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Major Nelson asks what's best for gaming? 720p, 1080i or 1080p

Richard Lawler, @Rjcc
February 21, 2006
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On this edition of Major Nelson's weekly podcast he has a special guest, Tyler the HDTV expert. Among the things they discussed were what HD means, a few of the reasons Microsoft chose HD-DVD to support, why the Olympic broadcast isn't the best it could be, and the many different formats of HD. It's a pretty long conversation that I'll try to summarize here, but I suggest you give it a listen to get all the details on why 720p may be better for gaming than 1080i or even 1080p (which the PS3 will apparently have and the Xbox 360 doesn't).

We will leave the breakdown of spatial and temporal resolution to Tyler, but there are several elements here to consider. 


Many people like to discuss HD formats not only in their resolution but also the amount of frames displayed per second (720p60, 1080p30, etc.), and while lower frames per second is just fine for movies, it might not be as good for things like sports and videogames. I'm not sure if I agree with all the points however, since they seem to assume most games run at 60fps, which while some early 360 games have (DOA4, NBA 2K6), some have not (PGR3). I think it's fair to assume we'll see higher target framerates in upcoming games, especially twitch shooters like Halo 3.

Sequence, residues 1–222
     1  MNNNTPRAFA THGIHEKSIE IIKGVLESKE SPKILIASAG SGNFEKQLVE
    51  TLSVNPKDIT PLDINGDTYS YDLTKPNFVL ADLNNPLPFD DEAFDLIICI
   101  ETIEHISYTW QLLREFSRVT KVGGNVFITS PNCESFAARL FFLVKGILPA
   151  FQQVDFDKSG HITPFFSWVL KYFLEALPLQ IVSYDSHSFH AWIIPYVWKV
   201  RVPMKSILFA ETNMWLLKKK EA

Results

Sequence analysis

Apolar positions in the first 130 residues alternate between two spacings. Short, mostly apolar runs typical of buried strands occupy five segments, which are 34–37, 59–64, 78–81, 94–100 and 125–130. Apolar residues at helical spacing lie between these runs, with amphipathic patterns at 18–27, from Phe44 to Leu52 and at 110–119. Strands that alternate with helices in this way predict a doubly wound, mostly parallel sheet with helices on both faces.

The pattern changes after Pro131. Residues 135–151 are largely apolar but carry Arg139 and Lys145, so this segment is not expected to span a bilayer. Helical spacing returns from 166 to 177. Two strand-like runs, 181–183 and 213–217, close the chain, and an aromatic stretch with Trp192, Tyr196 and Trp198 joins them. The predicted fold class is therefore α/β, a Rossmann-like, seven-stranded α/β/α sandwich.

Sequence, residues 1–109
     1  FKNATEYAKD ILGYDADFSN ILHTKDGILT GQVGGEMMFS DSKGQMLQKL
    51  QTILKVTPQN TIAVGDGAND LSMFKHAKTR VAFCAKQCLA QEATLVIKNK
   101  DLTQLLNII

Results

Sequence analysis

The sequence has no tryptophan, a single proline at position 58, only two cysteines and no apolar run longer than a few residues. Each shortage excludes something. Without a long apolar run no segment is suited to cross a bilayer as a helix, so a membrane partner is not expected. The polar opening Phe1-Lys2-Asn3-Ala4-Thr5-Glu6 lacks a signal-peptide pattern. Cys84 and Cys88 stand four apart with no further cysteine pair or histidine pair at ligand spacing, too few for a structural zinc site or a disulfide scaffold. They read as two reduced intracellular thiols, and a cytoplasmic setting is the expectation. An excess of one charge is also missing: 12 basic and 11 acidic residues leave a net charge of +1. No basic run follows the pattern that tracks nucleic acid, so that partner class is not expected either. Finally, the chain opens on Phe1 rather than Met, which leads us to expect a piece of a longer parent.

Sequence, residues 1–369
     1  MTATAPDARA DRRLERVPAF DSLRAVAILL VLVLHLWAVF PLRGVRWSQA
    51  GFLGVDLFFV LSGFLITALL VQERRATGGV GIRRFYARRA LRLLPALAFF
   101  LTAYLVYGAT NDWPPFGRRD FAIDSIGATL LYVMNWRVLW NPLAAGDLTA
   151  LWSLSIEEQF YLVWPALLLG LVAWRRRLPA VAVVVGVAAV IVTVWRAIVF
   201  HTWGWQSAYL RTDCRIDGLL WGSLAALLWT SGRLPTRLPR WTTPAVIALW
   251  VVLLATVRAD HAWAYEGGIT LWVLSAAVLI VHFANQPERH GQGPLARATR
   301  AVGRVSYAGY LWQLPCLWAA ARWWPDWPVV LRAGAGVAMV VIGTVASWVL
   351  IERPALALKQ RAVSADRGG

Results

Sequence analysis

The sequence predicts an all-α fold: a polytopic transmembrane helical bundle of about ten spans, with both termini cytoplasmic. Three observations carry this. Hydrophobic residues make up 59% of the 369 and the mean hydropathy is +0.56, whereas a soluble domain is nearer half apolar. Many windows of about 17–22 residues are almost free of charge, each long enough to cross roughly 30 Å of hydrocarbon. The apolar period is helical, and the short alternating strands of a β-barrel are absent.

They don't mention the Playstation 3 specifically, but it definitely looms large for high definition gamers. As mentioned in this interview, the current HDMI spec does not require a TV to accept 1080p (although it supports it), and even TV's manufactured by Sony don't accept it. Of course, Sony could just end all this speculation and guess work by showing us a PS3 powering two 1080p screens beautifully, at which point we will collectively hand over our wallets, souls and firstborn children.

Whether you accept Tyler's points or just consider this a sign of Microsoft copping some 1080p pleas, it's clear that just like ESPN and ABC they have picked 720p as their target resolution for HDTV, but whether that is high definition enough to satisfy consumers remains to be seen.






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